By Kaitlin Washburn
The Citrus Pest and Disease Prevention Committee (an advisory body to CDFA and citrus growers) has endorsed a set of best practices on how to combat huanglongbing (HLB), a disease that devastates citrus orchards.
The recommendations were developed by growers from throughout California and scientists to thwart the spread of the Asian citrus psyllid, the pest that carries HLB, or citrus greening disease.
“Our state’s citrus industry has held the line against HLB since the first detection seven years ago. We should commend our efforts but must not forget the devastating impact HLB could have on our orchards and our livelihood,” said Jim Gorden, chair of the Citrus Pest and Disease Prevention Program and a Tulare County citrus grower, in a news release from the committee.
HLB has yet to be detected in a commercial grove in California, though the disease is spreading through residential communities in Los Angeles, Orange and Riverside counties, according to the California Department of Food and Agriculture (CDFA).
Citrus greening disease has infected more than 1,400 citrus trees, and 1,003 square miles are under quarantine for HLB, according to the committee’s release. Trees infected with the disease bear small, asymmetrical fruit that are partially green, bitter and unsellable.
The Asian citrus psyllid, a spotted brown insect smaller than a grain of rice, has been found in 28 California counties, including Tulare. Growers can voluntarily follow the practices, which are a supplement to CDFA’s required action plan on targeting HLB and the Asian citrus psyllid.
The practices for combating HLB offer four scenarios a citrus grower might experience. The four possibilities are if a grower’s orchards are outside of an HLB quarantine, between 1 and 5 miles from HLB detection, within 1 mile of HLB but not infected or infected with HLB.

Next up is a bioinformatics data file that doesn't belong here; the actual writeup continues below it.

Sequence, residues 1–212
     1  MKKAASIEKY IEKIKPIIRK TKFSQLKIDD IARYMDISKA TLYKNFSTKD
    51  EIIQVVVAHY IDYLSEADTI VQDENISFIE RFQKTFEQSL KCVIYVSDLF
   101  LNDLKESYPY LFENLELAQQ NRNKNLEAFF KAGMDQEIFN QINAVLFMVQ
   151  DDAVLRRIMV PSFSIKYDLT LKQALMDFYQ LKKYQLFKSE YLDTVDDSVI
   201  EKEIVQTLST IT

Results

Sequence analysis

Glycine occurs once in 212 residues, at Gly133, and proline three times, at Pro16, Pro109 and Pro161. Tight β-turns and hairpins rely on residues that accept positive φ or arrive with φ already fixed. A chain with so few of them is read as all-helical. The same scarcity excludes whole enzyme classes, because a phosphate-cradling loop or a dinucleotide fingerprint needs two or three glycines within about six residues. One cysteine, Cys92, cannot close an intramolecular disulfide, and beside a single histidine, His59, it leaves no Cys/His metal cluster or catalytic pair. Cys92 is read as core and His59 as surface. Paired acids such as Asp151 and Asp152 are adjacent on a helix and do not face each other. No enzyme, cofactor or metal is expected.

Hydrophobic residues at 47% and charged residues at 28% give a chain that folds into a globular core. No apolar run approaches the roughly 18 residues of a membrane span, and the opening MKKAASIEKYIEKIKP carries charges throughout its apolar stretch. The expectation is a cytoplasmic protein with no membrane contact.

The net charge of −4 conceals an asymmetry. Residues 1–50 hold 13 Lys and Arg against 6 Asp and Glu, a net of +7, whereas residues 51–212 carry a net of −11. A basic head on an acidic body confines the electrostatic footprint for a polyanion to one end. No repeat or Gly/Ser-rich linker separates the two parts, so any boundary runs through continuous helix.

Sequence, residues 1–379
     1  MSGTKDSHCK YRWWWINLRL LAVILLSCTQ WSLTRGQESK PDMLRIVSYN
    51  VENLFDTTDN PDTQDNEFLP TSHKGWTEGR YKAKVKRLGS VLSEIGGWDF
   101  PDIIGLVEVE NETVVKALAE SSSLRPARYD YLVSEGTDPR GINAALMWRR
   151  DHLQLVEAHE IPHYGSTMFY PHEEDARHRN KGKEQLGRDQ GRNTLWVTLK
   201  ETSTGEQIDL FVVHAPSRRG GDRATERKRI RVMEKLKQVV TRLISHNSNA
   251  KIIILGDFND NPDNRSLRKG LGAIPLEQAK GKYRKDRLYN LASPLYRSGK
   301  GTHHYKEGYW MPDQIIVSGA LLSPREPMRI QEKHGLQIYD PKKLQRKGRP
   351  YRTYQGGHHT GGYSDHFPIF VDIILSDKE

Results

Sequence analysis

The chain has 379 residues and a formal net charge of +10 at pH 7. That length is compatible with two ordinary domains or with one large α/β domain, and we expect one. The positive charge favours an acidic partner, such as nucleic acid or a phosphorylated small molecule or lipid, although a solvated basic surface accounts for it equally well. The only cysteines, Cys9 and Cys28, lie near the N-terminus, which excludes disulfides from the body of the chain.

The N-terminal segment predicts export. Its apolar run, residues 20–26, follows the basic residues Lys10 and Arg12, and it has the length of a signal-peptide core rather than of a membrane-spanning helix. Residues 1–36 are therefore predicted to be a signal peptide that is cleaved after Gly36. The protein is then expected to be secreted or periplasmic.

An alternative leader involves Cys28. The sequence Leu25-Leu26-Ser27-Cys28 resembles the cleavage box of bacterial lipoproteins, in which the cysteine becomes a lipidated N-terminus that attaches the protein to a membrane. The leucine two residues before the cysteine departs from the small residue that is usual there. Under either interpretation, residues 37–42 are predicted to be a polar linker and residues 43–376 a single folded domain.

The guidelines vary within each scenario and offer actions a grower can take, such as surveying for Asian citrus psyllid in their orchard, controlling Asian citrus psyllid with insecticides and repellents and providing additional protections for young trees.
HLB wasn’t detected in the Western Hemisphere until 2004 when it was reported in Brazil. In 2005, HLB was detected for the first time in the United States, in Florida. Before that, it was known to occur in Asia, specifically from Japan to southern China, Southeast Asia and from India to Pakistan.
“We know the cost to manage the Asian citrus psyllid is far less than any potential costs or loss to the industry should HLB take hold throughout our state,” said Keith Watkins, chair of the task force that developed the best practices and vice president of farming at Bee Sweet Citrus, in the release.
For the 2016-2017 marketing year, California citrus production valued $3.4 billion. The total economic impact of the citrus industry on California’s economy in 2016-2017 was $7.1 billion.
The Citrus Pest & Disease Prevention Program was established in 2010 to advise the CDFA secretary and agricultural industry about efforts to combat serious citrus pests and diseases.